Sweet harvest of the hedgerows
Underfoot, pushed aside on an older suburban street in west Dublin, the spiky kernels of an interesting tree harvest lay scatted in an autumnal fall.
Surely this could not be sweet chestnut (castanea sativa), that nutritious imprint of the Roman Empire across Europe, and Britain? Wherever Caesar's legions penetrated, these trees were planted. It was a brilliant and practical operation, designed to last. From the crushed kernel polenta-flour was procured -food for the future.
But these Dublin street spheres, like small hairy tennis balls, are, I learned, Constantinople nuts or Turkish hazels (corylus colurna), very similar to the prickly nuts I remember from the thick woods of northern Spain. The Dublin fruits are, in fact, as a result of a municipal planting of 20 years ago in an enlightened act by officialdom, prompted perhaps by some green-enthused local residents!
I had hoped they might have been chestnuts (to sample) which may be found in parts of southern England and Cumbria, wherever Rome's writ ran. The Romans did not venture here, to Ierne, apart from some tentative landfalls. The weather didn't suit them! They named the island Hibernia, the wintry land. And so it has usually remained.
In England, some of the biggest sweet chestnut trees are in Gloucestershire and one veteran, at Tortworth, is reckoned to be 1,000 years old with off-shoots bearing nuts.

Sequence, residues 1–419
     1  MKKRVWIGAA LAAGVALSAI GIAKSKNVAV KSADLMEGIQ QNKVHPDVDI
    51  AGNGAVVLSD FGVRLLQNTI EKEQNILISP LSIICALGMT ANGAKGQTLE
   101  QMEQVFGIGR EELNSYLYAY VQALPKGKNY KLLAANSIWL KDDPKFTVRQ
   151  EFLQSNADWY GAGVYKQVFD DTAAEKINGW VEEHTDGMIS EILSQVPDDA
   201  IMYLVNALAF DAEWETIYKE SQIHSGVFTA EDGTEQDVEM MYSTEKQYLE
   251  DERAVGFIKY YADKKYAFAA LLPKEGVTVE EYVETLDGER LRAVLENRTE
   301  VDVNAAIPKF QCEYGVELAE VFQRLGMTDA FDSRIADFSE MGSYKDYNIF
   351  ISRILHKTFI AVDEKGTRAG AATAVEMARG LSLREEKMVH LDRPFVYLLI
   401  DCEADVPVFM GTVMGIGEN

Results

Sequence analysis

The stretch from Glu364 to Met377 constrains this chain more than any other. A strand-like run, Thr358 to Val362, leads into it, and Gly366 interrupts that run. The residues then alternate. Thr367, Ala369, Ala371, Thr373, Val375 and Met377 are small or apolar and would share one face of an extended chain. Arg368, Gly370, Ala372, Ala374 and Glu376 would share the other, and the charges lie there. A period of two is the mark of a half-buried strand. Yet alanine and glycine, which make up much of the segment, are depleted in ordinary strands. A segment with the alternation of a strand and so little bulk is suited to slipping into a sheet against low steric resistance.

In our own countryside now there is much wild harvest bounty. Elderberries are a flush of colour where crab-apples and sloes also hang. A reader has sent a picture of scarlet guelder-rose berries like drops of paint splashed on green leaves. In woodland, crisp fungi puff-balls were gathered by an enthusiastic forager who planned to fry them. I am conservative in mushroom preferences. I may admire the various genus, hues and blemishes but picking for the pot is usually from corners when milk-white buttons pop up. They can be cooked in milk and cornflour.
Field guides are essential. There are several excellent booklets and illustrated collections. A favourite from my old library is still the pocket-sized Collins Gem which I have had since the 1980s. It is still a surprise to see illustrations of attractive growths marked 'Deadly Poison' so you cannot be too careful. They are not called "Death Caps" or "Destroying Angels" without reason, though they may look harmless.
However, mushrooms are not gathered by everybody. Farming life proceeds and those fresh crops may be trampled underfoot, flattened by resting cows or squashed into mud by tractors or quad bikes.
Now ripened elder fruit pleads to be picked, but is generally ignored except by country wine or cordial enthusiasts. Its high vitamin C content should be an encouragement but berries are usually left for birds or fall to mammal and insect life on the ground. Many pleasant goodies may be made from the hedgerow harvest. Blackberries, elders, sloes, crab apples and rose hips can become jams, jellies, tarts and drinks. Try steeping blackberries in wine overnight - or blend them to stand for an hour to become firm and serve with a blob of cream or a dash of sloe gin from last year. Delicious!